“My grace is sufficient for you”

But [the Lord] said to me, “My grace is sufficient for you, for my power is made perfect in weakness.” Therefore I will boast all the more gladly about my weaknesses, so that Christ’s power may rest on me. That is why, for Christ’s sake, I delight in weaknesses, in insults, in hardships, in persecutions, in difficulties. For when I am weak, then I am strong. 2 Corinthians 12:9-10

I am drawing a blank here today in terms of three separate writing assignments: A) – Trying to prepare some slides for my Sunday morning class. B) – Penning some words for this blog entry. C) – Finishing off an article I am writing for All-Pro-Dad.

The scripture we plan to talk about in my class constitutes a powerful word, and of course it is very applicable to my current predicament. In fact, thinking about it, Paul’s words are also relevant to the discussion we had in my Saturday morning men’s group, where the topic (this week’s “half-truth”) was: “God never gives us more than we can handle.”

If we accept that aphorism then what we are saying is that not only does God essentially toy with people’s resilience until pulling back just before the breaking point, but that the equation is balanced around what we can or cannot handle (our strength not his love and compassion) – and that doesn’t leave much room for grace, mercy, or a God who promises to share our burden (“Come to me, all you who are weary and burdened, and I will give you rest. Take my yoke upon you and learn from me, for I am gentle and humble in heart, and you will find rest for your souls.” – Matthew 11:28-29).

But that is not how God operates. While it is certainly true we have more resources at our disposal than we typically imagine, it is also true that when we surrender, when we own that we absolutely do not have what it takes, and when we acknowledge our personal need for God, it is only then that we truly become strong – because we are not standing alone anymore, because Jesus is standing with us, because when Christ’s power rests on us, then when we are weak we are in fact strong.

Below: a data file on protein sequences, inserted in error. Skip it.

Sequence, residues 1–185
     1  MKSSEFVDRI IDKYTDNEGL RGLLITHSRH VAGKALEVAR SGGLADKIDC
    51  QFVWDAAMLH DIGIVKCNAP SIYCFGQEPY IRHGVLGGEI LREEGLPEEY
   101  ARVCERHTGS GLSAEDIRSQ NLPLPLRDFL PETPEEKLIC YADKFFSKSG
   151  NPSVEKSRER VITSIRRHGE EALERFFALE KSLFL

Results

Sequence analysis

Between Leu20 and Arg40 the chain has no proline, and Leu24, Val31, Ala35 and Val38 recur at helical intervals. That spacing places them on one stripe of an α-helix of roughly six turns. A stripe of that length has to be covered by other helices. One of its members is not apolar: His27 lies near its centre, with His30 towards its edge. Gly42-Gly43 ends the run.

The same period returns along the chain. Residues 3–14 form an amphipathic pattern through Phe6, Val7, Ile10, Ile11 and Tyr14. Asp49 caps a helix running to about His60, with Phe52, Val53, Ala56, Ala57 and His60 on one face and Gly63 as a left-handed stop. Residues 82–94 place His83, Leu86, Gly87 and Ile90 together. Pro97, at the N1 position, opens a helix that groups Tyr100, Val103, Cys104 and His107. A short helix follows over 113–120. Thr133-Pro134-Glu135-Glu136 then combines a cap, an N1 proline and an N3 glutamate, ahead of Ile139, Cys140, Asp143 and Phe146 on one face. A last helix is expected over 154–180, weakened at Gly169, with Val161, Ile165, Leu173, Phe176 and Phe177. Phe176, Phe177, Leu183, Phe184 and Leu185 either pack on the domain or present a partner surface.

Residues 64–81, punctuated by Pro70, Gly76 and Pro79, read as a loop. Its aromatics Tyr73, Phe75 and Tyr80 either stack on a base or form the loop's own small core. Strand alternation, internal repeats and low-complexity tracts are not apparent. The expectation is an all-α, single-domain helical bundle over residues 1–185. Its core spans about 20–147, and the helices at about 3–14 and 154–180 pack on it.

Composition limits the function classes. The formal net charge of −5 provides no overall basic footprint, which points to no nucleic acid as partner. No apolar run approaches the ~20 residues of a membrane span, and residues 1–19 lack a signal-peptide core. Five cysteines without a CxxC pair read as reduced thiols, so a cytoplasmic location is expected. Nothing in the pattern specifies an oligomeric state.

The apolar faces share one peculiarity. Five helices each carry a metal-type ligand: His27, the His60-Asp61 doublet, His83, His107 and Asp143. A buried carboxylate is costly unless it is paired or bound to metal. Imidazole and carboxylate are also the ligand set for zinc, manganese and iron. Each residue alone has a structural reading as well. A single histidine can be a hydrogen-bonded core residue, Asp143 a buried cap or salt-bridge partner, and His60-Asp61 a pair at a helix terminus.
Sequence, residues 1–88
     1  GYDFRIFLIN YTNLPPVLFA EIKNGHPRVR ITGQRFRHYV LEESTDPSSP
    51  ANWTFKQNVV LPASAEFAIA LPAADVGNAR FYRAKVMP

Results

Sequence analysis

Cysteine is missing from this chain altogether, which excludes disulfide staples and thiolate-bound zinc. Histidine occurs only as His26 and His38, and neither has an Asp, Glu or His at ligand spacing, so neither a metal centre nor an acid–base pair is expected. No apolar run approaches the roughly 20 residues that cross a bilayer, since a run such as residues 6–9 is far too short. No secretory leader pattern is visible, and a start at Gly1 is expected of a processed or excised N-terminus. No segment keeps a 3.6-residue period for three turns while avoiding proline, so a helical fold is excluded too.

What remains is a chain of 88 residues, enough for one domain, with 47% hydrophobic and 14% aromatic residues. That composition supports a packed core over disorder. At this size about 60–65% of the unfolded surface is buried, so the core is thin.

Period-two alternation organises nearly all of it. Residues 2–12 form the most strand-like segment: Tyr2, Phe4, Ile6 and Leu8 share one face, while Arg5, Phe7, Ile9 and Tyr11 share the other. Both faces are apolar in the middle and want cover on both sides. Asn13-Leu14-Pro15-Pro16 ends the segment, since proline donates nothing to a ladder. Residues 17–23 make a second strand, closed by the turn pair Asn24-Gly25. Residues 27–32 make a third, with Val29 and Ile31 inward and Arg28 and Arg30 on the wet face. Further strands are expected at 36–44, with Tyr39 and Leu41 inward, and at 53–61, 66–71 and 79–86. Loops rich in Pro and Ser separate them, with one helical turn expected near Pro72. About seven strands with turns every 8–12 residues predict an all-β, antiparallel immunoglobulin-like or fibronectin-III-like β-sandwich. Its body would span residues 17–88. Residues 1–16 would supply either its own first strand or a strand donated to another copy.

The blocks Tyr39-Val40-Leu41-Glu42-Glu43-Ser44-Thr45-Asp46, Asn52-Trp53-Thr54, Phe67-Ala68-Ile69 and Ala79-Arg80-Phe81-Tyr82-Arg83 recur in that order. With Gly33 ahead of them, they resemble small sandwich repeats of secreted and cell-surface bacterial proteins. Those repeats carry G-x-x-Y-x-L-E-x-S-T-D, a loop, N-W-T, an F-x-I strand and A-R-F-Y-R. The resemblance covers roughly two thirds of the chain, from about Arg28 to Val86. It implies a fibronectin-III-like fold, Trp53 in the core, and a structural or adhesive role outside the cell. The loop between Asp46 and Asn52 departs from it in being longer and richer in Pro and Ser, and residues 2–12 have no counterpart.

• because we are not standing alone anymore,
  • because Jesus is standing with us,
  • because when Christ’s power rests on us, then when we are weak we are in fact strong.

And here is what is wonderful. When we learn to rely on God then we become more in tune with the Spirit; and when we are more in synch in that way then we also tend to find strength where we did not realize we had it and we are propelled into action; and then it has become a partnership and not only are we stronger but God is stronger too.

– author Derek Maul

Jesus invites each one of us to become participants in God’s ongoing initiatives of love, mercy, grace, compassion, justice, light, and promise. And when I realize that God does not invite me into anything we cannot handle together, Jesus and I, then I find that my power is made perfect not in spite of but because of my weakness. So I will boast all the more gladly about my weaknesses, because what happens time and again is that Christ’s power rests on me.

– DEREK (full of sufficient grace)

Bible faith leadership The Church

derekmaul View All →

Derek has published seven books in the past decade (you can find them at https://www.amazon.com/Derek-Maul/e/B001JS9WC4), and there’s always something new in the works.

Before becoming a full-time writer, Derek taught public school in Florida for eighteen years, including cutting-edge work with autistic children. He holds bachelor’s degrees in psychology and education from Stetson University and the University of West Florida.

Derek is active in teaching at his church: adult Sunday school, and a men’s Bible study/spiritual formation group. He enjoys the outdoors, traveling, photography, reading, cooking, playing guitar, and golf.

1 Comment Leave a comment

  1. What you’re saying is so true and so counter cultural. When we look at the world, all these “motivational” speakers tell us to look within, find your own strength, persevere, suck it up, work harder than the next guy. I am with you, why look within to the finite when I can look up to the infinite?


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